Megan and I make a great pair. Our tastes in wine rarely diverge. We agree 99% of the time. This Vermentino represents a fundamental disagreement of the most endearing qualities this grape has to offer. Inspired by some of our favorite producers in Italy like Dettori and Massa Vecchia, and being an orange wine fanatic in general, I knew we had to make Vermentino as a compliment to the Ribolla Gialla when I came across the Las Brisas Vineyard in Carneros. Megan thought it was a superb idea, but had her sights fixed on the bright, clean, aromatic examples from places like the Ligurian coast or Gallura in Sardegna. The only compromise was to have separate projects, “His” and “Hers”. “Hers” with a green label harvested for freshness and energy. It is whole cluster pressed and bottled early. “His”, orange label, is fermented on the skins, and requires more time in barrel. This aromatic late-ripening variety comes from the cool foggy Las Brisas Vineyard on the Sonoma side of Carneros AVA. Situated on sandy silt and gravel at the end of the Petaluma Wind Gap and just off San Pablo Bay, it is a beautiful site for white wines.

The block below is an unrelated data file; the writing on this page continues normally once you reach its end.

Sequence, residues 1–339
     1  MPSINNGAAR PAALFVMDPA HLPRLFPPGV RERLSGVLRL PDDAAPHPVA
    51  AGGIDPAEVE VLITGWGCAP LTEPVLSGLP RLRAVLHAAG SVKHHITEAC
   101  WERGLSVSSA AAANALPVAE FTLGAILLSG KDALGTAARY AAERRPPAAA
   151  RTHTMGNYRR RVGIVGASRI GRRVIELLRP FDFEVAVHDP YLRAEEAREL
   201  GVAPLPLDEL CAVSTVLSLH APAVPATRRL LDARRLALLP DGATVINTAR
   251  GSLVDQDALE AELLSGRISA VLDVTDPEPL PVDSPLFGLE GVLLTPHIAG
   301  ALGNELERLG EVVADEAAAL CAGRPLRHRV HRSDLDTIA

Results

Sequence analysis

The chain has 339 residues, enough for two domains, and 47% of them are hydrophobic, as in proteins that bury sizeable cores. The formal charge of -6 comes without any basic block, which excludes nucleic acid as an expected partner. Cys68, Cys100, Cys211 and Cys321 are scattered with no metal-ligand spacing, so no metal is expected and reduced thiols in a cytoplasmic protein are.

Tasting Notes

Ryme His in the Glass
Deep color comes from maceration on the grape skins.

2017 Ryme Cellars “His” Vermentino (about $25 at the winery; sold out)

Produced from grapes in the Las Brisas Vineyard in Carneros, this represents Ryan’s take on the Vermentino variety. Grapes were crushed by foot and then fermented in whole clusters with the stems, bringing more structure to the wine and accentuating its savory character. Skin contact lasted two weeks after which the wine was pressed into puncheons and aged for nine months.